Sep 04, 2014 I Nick Redfern

Men In Black: The “Other” Silencers

With an article title like that above, you might think that I'm talking about the way in which the legendary, creepy Men in Black  make it their business to shut people up - and specifically UFO witnesses and researchers. Well, I'm actually not. The silencing  I refer to does relate to the MIB, but not in the way you might assume. If that all sounds a bit confusing, well, read on. All will soon become clear...

About three weeks ago, I flew down to Houston, Texas to do a TV shoot for a forthcoming, 90-minute documentary. The subject was the controversy surrounding those mysterious, dark-suited characters that have plagued Ufology for decades. Since I have written extensively on the MIB, I often get asked to do television shows on the subject. Generally, they run smoothly. Not on this occasion, however.

It all kicked-off fine - at least, from my perspective. Things began chronologically, and I began to tell the story of Albert Bender, the brains behind the International Flying Saucer Bureau, who, in the early 1950s, was terrorized into silence by the Men in Black.

I explained that Bender's MIB were far less like those of the Men in Black movies (with Will Smith and Tommy Lee Jones), and far more like something befitting the likes of an H.P. Lovecraft novel.

The producer stopped me in mid-sentence (which was the first thing that pissed me off big-time) and asked me what I meant. Well, had he not stuck his nose in, he would have known what I meant!

I explained that although popular-culture generally portrays the MIB as the "secret agents" of government groups, or (as in the aforementioned Smith-Jones films) of super-secret bodies that operate outside of the official government, the real Men in Black were very different.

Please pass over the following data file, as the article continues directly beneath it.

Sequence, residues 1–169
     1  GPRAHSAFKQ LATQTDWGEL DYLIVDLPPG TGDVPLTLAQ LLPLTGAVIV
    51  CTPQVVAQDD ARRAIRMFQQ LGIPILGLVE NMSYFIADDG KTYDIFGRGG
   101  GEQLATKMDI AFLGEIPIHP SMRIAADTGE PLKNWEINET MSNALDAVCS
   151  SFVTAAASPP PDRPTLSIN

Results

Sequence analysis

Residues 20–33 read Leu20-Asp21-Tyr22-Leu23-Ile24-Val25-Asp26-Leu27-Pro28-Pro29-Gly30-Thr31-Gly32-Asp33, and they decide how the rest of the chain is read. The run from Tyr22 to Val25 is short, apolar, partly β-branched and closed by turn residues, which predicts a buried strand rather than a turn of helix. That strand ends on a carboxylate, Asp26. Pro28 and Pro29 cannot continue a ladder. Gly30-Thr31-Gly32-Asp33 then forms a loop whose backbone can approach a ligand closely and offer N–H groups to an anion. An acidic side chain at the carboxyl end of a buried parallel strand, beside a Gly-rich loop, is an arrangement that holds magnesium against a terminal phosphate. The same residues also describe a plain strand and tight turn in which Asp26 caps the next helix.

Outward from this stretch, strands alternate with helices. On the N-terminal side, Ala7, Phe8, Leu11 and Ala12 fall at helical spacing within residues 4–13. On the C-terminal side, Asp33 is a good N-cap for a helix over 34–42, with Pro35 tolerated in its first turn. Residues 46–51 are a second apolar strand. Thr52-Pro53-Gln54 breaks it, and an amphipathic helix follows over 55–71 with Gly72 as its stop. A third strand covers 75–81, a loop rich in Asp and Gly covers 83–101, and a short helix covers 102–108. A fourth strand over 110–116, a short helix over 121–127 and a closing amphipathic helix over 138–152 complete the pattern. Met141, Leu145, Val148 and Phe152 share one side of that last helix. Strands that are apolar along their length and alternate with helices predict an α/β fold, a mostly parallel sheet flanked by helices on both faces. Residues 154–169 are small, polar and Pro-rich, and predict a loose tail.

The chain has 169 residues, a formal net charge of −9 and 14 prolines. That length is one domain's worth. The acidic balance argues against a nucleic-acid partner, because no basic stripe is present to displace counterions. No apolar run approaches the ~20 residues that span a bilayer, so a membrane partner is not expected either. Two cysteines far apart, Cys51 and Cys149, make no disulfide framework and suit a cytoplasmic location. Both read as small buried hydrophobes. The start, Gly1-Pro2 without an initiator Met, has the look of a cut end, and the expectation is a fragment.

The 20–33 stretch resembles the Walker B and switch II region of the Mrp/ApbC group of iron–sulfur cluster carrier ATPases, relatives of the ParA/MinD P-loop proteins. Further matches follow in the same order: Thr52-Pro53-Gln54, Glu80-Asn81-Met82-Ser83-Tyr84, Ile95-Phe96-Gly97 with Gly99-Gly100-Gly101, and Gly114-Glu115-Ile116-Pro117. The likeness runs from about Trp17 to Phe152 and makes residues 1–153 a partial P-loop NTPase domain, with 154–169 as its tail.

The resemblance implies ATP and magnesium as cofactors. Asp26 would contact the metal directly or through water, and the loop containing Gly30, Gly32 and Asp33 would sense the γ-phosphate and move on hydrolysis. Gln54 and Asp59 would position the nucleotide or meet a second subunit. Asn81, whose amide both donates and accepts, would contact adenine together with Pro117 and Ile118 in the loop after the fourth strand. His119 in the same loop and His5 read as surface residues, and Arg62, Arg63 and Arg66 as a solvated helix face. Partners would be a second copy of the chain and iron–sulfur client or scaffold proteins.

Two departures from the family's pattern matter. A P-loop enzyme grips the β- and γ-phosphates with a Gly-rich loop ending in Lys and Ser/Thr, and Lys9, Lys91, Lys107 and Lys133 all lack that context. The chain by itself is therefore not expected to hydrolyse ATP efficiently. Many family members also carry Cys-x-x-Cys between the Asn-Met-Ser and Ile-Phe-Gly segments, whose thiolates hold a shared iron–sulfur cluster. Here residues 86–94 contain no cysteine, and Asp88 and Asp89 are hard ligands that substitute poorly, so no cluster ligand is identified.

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Less getting jiggy with it, more terrifying the crap out of you

With the cameras rolling, I said that Albert Bender's MIB did not knock on his door, flash ID cards, and proceed to petrify him into silence, as many might assume. No: they materialized (as in literally materialized) in his attic-based bedroom in Bridgeport, Connecticut, amid nothing less than a foul odor similar to demonic brimstone! On top of that, their eyes shone - in fact, they almost glowed.

The MIB were thin, pale, and  near-vampire-like in appearance. They "spoke" with Bender in telepathic fashion. It was an exchange that provoked intense dizziness, pounding headaches, and both psychological and physical disturbances, including overwhelming exhaustion. It was, I said, as if Bender had been the subject of nothing less than a full-blown demonic attack.

I then proceeded to state how, as someone who writes regularly on the MIB, I get dozens of reports of encounters with the dark-suited ones, per year. I also noted that the overwhelming majority of the cases I receive are of the Bender variety, rather than of the Smith-Jones type.